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Bankruptcy May Be Your Option

What are the differences between Chapter 7 and 13 bankruptcies?

When unexpected life changes such as the unexpected loss of a job, a serious injury or a debilitating illness leave a person struggling with unpaid bills and overwhelming credit card debt, filing for bankruptcy might provide a solution. For most consumers seeking debt relief through the bankruptcy, a decision must be made between a Chapter 7 and a Chapter 13 petition.

The primary difference between Chapter 7 bankruptcy and a Chapter 13 is how each treats debt and assets. Most unsecured debts in may be eliminated in a Chapter 7, but there are limits on the assets that a debtor is permitted to retain.

A Chapter 13 bankruptcy results in the repayment of secured debts and the partial repayment of unsecured debts through monthly payments over a three or five year period.

The repayment plan is under the supervision of a bankruptcy trustee. Because payments are made toward repayment of a person's secured debts, a debtor might be able to stop repossession of a car by a secured creditor or stop foreclosure by a creditor holding a mortgage on the debtor's home.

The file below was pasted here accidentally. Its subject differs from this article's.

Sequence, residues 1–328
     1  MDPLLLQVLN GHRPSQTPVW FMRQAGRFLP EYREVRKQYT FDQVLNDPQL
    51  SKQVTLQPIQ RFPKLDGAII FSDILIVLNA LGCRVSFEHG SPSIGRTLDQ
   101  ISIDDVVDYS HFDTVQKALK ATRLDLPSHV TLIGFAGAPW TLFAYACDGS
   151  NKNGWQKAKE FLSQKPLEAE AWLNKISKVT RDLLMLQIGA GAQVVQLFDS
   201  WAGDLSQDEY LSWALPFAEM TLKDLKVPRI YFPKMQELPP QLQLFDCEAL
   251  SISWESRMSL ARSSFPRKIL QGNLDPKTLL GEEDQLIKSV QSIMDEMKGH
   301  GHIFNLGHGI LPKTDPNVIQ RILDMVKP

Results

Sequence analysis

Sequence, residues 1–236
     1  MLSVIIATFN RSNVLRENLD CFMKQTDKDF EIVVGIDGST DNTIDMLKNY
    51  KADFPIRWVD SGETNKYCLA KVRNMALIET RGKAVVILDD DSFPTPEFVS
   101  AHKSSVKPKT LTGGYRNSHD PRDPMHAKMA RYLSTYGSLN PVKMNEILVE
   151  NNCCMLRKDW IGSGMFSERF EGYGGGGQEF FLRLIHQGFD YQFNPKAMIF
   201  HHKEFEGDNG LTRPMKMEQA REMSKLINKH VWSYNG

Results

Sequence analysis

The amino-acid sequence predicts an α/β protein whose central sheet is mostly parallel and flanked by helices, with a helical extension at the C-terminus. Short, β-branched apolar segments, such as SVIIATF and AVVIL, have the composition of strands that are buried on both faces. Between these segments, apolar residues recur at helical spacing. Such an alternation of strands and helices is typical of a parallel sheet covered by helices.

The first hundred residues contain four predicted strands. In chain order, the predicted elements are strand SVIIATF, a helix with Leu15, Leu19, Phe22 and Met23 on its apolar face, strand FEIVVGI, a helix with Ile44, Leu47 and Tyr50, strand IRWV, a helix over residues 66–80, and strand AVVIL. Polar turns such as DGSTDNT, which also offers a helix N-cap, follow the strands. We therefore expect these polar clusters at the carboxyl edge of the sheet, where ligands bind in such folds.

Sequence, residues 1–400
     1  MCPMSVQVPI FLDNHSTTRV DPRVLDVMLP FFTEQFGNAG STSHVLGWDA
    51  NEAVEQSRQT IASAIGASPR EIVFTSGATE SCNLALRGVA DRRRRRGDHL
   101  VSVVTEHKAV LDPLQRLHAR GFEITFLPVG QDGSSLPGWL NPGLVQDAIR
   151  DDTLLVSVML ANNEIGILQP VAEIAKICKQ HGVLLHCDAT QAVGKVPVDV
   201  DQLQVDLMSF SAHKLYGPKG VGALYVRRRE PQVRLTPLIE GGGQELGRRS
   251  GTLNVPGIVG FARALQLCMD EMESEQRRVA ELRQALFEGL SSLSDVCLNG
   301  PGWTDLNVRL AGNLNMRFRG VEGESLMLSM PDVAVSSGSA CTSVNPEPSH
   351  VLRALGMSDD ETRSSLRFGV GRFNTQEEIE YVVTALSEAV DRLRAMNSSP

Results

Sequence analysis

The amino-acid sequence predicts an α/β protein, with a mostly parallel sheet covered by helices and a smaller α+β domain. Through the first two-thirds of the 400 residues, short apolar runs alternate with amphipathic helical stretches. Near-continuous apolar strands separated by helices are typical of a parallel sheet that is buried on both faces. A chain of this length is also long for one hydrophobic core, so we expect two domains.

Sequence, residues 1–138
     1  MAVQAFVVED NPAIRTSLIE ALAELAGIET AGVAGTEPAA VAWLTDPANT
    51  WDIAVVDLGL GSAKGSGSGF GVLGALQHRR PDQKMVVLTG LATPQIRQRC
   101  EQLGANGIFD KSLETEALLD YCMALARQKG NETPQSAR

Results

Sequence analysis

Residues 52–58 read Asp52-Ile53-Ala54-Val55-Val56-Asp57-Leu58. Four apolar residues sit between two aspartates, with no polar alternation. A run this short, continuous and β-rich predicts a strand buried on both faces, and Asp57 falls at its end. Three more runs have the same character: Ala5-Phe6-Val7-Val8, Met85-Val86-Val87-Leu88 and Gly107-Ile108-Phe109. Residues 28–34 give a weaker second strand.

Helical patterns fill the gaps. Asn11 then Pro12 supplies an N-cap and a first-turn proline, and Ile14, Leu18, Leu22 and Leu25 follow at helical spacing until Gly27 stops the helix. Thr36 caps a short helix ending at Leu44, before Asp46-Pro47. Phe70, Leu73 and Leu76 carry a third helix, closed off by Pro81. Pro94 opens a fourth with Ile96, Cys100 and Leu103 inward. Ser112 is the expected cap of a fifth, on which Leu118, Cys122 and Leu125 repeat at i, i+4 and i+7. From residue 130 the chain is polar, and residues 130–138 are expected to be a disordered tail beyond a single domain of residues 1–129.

The retention of real and personal property may be more of a problem for a debtor under a Chapter 7. Property that is not exempt from seizure to satisfy creditors under state or federal laws normally cannot be retained by the debtor in a Chapter 7 as it can in a Chapter 13. The trustee in a Chapter 7 takes control of non-exempt assets, sells them and distributes the money to creditors of the debtor.

Some debtors do not have enough income to make payments under a Chapter 13 repayment plan. This might leave a debtor with a Chapter 7 as the best option for debt relief. But individuals whose average monthly income exceeds their state's median income and have sufficient income to make payments under a repayment plan might not qualify for a Chapter 7.

Bankruptcy is a complex area of the law. The contents of this post present only an overview of the differences between two common forms of personal bankruptcy. It is not intended as legal advice, which should only be obtained by consulting with an attorney.

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